The Greencard was a hit right from the start. Soon, Disney—which also had been having its own problems with its PVC card codes—signed on to use the Greencard for its Magical Membership Card, which enabled cardholders to play online games. Entertainment software maker THQ adopted the Greencard for digital downloads soon after. But the card found uses outside the strictly digital domain, too. Jazzman’s Café & Bakery—a college campus, corporate office and hospital-oriented coffee and dining brand—employed the Greencard to offer customers codes for special offers to drive in-store traffic. And when popular TV host Bill Nye “the Science Guy” opened his Climate Lab exhibit in 2010 at the Chabot Space & Science Center in Oakland, Calif., visitors received Greencards that used RFID technology to track their progress through the exhibit. Since then, the list of companies who have utilized the Greencard has grown to include heavy-hitters, including Starbucks, Nokia and Verizon.
‘Revealing’ the Next Step
In March, the company unveiled the next step in the evolution of its product line. Dubbed Reveal, the next-generation card product features a patented opening flap, which “reveals” extra card real estate that can be used for graphics, custom ads and messages, inserted coupons, instructions, warranty information—or whatever else the client wants to display. “Companies can take advantage of all four panels and use the Reveal card for just about anything: multiple or secondary offers, cross promotions, software downloads, product activations and as gift cards,” Temple notes. Since Reveal is such a new product, Meyers’ customers are still figuring out how best to use it, but Temple expects client brand owners to “come up with ideas for uses that we haven’t even thought of yet.”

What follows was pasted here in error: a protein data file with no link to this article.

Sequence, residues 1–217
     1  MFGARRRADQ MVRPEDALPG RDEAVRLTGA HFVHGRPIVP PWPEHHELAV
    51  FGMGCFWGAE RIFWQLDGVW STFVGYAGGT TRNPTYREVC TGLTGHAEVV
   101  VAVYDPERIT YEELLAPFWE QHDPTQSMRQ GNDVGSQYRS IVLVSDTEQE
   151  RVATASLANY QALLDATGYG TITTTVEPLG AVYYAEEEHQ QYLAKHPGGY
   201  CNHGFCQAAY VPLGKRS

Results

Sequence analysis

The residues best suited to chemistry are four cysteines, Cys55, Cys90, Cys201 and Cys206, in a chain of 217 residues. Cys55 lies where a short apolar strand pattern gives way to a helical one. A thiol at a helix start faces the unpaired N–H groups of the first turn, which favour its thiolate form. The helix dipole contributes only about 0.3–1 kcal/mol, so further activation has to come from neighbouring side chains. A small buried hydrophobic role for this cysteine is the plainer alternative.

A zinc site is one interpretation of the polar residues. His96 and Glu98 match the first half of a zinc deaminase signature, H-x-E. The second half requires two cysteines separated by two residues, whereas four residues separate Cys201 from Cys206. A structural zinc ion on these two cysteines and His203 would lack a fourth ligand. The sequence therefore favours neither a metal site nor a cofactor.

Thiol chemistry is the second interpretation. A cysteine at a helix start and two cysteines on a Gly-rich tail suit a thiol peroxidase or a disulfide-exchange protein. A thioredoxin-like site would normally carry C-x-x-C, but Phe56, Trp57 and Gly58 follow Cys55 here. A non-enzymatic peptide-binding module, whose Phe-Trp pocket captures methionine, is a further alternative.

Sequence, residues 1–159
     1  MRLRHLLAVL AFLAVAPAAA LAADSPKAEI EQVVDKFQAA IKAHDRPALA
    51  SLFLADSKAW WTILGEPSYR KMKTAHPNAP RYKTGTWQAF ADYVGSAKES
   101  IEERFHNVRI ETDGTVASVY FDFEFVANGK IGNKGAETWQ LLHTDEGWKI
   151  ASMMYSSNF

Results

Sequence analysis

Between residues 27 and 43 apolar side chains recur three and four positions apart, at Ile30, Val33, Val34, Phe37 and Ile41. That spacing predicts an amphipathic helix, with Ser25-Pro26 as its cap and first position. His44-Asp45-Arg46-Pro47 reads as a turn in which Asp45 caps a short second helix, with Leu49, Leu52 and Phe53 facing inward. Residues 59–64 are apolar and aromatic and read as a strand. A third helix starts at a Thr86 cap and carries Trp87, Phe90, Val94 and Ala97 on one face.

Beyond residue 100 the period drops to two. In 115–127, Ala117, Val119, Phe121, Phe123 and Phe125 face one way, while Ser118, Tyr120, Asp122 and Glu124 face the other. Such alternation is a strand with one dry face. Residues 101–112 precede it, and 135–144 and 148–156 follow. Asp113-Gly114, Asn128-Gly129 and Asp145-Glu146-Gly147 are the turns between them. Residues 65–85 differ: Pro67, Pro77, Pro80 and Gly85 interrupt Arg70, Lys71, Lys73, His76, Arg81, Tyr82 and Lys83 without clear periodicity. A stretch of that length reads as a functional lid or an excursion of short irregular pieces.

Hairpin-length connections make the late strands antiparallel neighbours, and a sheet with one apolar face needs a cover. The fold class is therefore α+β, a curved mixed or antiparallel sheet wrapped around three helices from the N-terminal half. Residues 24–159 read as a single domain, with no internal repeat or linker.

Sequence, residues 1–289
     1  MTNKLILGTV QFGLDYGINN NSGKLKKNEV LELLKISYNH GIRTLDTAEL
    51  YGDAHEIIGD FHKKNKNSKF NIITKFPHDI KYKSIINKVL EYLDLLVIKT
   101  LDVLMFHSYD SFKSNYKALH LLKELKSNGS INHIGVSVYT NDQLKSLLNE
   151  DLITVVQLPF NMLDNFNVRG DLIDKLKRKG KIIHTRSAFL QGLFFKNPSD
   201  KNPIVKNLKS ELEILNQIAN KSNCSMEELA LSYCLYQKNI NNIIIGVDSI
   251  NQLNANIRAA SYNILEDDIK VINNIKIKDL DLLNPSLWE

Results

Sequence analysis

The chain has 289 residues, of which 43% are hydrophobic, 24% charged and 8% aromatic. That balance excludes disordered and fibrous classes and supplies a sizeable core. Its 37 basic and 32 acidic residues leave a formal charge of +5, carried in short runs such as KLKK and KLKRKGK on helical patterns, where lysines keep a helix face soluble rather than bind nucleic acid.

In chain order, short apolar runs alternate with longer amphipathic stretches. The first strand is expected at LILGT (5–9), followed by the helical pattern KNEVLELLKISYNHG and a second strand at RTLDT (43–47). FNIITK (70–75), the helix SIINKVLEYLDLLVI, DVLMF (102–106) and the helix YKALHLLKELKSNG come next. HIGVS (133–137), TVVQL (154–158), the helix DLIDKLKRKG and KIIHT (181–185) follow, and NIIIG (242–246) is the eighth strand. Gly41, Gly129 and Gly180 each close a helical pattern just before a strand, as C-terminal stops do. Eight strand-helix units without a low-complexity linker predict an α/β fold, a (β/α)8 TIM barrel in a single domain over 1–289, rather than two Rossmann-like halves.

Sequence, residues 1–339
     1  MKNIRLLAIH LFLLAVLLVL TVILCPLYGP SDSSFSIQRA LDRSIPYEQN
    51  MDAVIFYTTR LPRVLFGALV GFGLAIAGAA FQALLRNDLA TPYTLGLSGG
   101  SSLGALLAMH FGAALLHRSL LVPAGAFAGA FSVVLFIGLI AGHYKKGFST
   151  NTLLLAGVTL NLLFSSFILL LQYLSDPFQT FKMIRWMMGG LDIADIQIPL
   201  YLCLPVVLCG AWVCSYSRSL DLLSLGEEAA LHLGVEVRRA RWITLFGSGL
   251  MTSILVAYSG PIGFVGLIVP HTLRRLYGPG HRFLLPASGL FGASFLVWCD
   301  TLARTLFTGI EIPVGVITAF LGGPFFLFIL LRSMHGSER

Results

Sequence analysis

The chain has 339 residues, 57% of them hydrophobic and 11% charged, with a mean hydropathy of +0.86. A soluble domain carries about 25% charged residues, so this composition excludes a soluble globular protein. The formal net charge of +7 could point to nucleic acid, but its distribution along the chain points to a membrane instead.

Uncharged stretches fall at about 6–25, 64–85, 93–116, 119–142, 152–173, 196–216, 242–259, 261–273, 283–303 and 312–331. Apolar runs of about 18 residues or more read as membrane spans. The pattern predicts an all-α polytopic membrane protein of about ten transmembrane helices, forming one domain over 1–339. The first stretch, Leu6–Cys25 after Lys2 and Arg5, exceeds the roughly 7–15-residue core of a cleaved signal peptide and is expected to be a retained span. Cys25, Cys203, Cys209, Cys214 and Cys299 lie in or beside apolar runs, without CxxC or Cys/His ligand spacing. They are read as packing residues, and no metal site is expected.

Meyers will continue to produce other card models, but Reveal will be the firm’s “flagship,” Temple says. While Reveal represents a leap forward, it will retain many key features of what made Greencard so successful, including the unique tear-strip and coated paper composition, which enables it to be easily recycled after use. “We’re proud to have found a smart way to deliver significantly more content in the same footprint [as a regularly sized card] while reducing impact on the environment,” he says.
For Meyers, the key to success has been staying focused on what it does well and not trying to expand into other segments of the card market that are outside of its core competency of high-security, high-reliability data printing. “We’re really a niche player, strictly focused on these products,” observes Temple. “There are plenty of plastic card manufacturers out there. We’re trying to bring innovation to the business challenges we see, and we’ve got a big toolbox to do that.”
One arena in which those tools are likely to be particularly handy is in the adoption of near field communication (NFC) technology. While most cards it produces now are code-based, Meyers has long had the capability to produce RFID inlays, and its cards’ two-ply technology is suited to accommodate the newer NFC chips as well, giving Meyers the capability to incorporate any contactless technology its clients desire. Meyers’ NFC business is mostly prospective at the moment, but Temple says the company expects to be well-positioned for the day when NFC takes off. “We’re poised and ready, and expect new opportunities as NFC emerges,” he says. For Meyers, it would be the next step in a process of focused, natural growth that has paid off in a big way.